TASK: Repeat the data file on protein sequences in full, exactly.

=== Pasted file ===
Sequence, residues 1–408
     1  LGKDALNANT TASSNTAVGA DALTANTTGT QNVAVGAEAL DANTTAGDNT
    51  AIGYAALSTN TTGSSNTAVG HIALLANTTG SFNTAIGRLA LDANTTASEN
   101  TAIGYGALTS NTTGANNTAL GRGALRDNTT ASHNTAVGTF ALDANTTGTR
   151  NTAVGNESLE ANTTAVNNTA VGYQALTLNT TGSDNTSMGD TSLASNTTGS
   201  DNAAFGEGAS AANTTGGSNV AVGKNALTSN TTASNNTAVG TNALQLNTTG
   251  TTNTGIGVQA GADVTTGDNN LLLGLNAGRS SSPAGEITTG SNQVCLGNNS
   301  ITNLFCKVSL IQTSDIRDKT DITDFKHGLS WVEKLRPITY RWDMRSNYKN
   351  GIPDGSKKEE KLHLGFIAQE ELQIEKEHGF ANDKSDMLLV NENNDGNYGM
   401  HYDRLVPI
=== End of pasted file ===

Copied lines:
Sequence, residues 1–408
     1  LGKDALNANT TASSNTAVGA DALTANTTGT QNVAVGAEAL DANTTAGDNT
    51  AIGYAALSTN TTGSSNTAVG HIALLANTTG SFNTAIGRLA LDANTTASEN
   101  TAIGYGALTS NTTGANNTAL GRGALRDNTT ASHNTAVGTF ALDANTTGTR
   151  NTAVGNESLE ANTTAVNNTA VGYQALTLNT TGSDNTSMGD TSLASNTTGS
   201  DNAAFGEGAS AANTTGGSNV AVGKNALTSN TTASNNTAVG TNALQLNTTG
   251  TTNTGIGVQA GADVTTGDNN LLLGLNAGRS SSPAGEITTG SNQVCLGNNS
   301  ITNLFCKVSL IQTSDIRDKT DITDFKHGLS WVEKLRPITY RWDMRSNYKN
   351  GIPDGSKKEE KLHLGFIAQE ELQIEKEHGF ANDKSDMLLV NENNDGNYGM
   401  HYDRLVPI